All Bitcoin price of Bitcoin rejected the sender will see blockchain can be rejected for a pending Bitcoin and your coins were Mean – Coinmama Support can also check if to encounter delays. Unconfirmed was declined will usually enable future transactions. Why your transaction was rejected, the blockchain explorer. Bitcoin network is heavily loaded with thousands transactions staying unconfirmed for a long time, your funds are totally safe with Coinomi. Your transaction will eventually get confirmed or it will be "discarded" by the blockchain network and your funds will be back in your wallet. Unfortunatelly, there is nothing we can do to unstuck your tx. Dec 04, · Unlike confirmed transactions, rejected transactions do not appear on the blockchain. When a transaction is rejected, it’s as if it never occurred in the first place. In fact, the sender will see those funds instantly re-appear at the address they attempted to send from.
Bitcoin rejected transactioncoinomi - Unconfirmed and rejected transaction - Bitcoin Stack Exchange
It only takes a minute to sign up. I am quite new to the Bitcoin world. Then the transaction was rejected. Yet the amount is still reflected as "unconfirmed" in my wallet. Two questions: 1. What can I do about the "unconfirmed" amount. What did I do wrong and why it was rejected after all? Please help.
Bitcoin network is heavily loaded with thousands transactions staying unconfirmed for a long time, your funds are totally safe with Coinomi. Your transaction will eventually get confirmed or it will be "discarded" by the blockchain network and your funds will be back in your wallet. In some cases, users can come across a bitcoin transaction which is rejected by a particular node.
Although this does not mean anything negative is happening, it can be confusing for some people. Coming across this particular error message can be quite confusing for novice Bitcoin users. On paper, there is no valid reason as to why a network node would reject a particular Bitcoin transaction. There is no reason to think users can do anything different, but send their transfer the same way they always do. After all, the worst that can happen is how it takes a bit longer for the transfer to confirm.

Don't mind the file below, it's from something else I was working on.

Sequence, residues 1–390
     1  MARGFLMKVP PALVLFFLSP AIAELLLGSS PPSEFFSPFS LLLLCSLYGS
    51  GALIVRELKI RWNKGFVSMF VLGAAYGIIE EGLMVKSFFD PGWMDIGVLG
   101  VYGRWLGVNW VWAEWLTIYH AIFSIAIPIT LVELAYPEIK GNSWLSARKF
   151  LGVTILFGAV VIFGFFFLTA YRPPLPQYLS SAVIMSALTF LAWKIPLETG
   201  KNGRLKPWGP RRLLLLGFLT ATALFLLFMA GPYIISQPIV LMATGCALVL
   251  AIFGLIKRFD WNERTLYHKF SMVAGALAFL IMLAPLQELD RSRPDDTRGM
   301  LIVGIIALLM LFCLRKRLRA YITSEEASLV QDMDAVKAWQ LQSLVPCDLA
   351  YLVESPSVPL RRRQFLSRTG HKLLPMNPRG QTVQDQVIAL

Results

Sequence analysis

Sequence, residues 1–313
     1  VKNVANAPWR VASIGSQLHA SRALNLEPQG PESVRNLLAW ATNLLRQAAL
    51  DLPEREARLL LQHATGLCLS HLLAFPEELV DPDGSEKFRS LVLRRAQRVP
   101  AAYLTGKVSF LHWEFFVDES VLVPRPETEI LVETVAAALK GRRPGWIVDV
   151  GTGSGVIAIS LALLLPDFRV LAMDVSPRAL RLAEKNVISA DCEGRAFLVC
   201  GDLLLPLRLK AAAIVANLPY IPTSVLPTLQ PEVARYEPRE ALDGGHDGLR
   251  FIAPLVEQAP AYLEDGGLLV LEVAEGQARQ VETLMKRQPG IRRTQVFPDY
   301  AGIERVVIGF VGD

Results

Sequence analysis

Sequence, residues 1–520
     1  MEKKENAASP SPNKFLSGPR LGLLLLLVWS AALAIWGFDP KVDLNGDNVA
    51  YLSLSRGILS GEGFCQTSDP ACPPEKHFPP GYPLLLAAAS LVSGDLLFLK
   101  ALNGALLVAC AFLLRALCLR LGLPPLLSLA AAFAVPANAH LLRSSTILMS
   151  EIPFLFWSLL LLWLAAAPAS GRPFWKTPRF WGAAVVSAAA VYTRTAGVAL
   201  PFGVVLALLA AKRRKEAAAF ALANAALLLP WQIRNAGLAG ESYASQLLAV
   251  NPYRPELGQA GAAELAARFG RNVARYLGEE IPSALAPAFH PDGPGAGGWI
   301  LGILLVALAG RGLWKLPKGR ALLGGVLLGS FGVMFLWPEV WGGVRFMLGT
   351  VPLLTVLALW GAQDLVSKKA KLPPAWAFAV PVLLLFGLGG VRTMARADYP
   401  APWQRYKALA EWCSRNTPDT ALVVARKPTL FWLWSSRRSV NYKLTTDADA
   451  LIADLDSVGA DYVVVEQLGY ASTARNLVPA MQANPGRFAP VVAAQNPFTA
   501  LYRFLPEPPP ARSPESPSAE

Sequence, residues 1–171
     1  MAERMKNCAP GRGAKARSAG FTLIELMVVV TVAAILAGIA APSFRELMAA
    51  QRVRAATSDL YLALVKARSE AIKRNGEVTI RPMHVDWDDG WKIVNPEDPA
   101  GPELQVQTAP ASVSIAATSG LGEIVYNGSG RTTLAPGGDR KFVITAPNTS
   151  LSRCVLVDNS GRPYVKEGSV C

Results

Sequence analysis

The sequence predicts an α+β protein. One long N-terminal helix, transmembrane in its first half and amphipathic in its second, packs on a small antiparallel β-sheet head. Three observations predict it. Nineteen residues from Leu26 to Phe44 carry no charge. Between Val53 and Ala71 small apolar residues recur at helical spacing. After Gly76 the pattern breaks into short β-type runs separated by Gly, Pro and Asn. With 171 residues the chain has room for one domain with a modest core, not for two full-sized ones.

However, it is possible a particular node will prune said transaction for some unknown reason. This is mostly an error that comes up when users rely on a third-party wallet service provider.
Web wallets, or the ones going through Blockchain. It is always best to broadcast bitcoin transfers to the network directly, without the information having to pass through a centralized company. To be more specific, these transactions rejected by a network node are often first accepted. This also means they will show up as a regular unconfirmed transaction on whatever block explorer one tends to use. First thing to do is to check that you actually made a transaction. If it "failed" in your wallet or software this may mean that the transaction didn't even take place.
While most programs and websites will show you some limited information about your transactions, you can use this TXID on a "blockchain explorer" to find complete info about the transaction.
This is essential for investigating why your Ethereum or Bitcoin transaction might be pending or failed. You can use a popular block explorer like Blockchain. Also, if you have to contact customer support of your wallet or platform, the TXID is one of the pieces of information they will ask you for.
I know this sounds funny, but so many people start to panic if their transaction does not go through instantly. We are still in the infancy of this industry and consistency is slowing taking hold every day. Many times you just need to wait it out a bit longer than your initial expectations. If you have checked and made sure your transaction actually did go through using step 2 and it has now been a while maybe your fee was just too low for your transaction.
I would wait at least a few hours depending on how backed up the mempool is which you can view on Blockchain. Typically if you sent the same transaction to the network, but just with a higher fee it would be rejected as it sees the same Bitcoin is tied up in your original low fee transaction making it look like a "double spend" which is where the same Bitcoin is spent twice, there are protections in place for this.
An RBF or "Replace-By-Fee" transaction tells the network that you may be sending the same transaction later on but with a higher fee. This RBF protocol allows you tell the network in advance that you might make changes. Of course this is not an option on many platforms, but it is a really easy option if you have it already!
While not my favorite option, you might look into trying a 3rd party service to help you "accelerate" your transaction. They have a free and a paid option for this, but I have never had to use either so I can't attest to how good they actually work.
ViaBTC is a well known and long standing pool so you at least know you are dealing with a reputable company. One of the last tips is an advanced technique called "Child Pays For Parent".
I am not going to detail the entire process here as it is long and involved.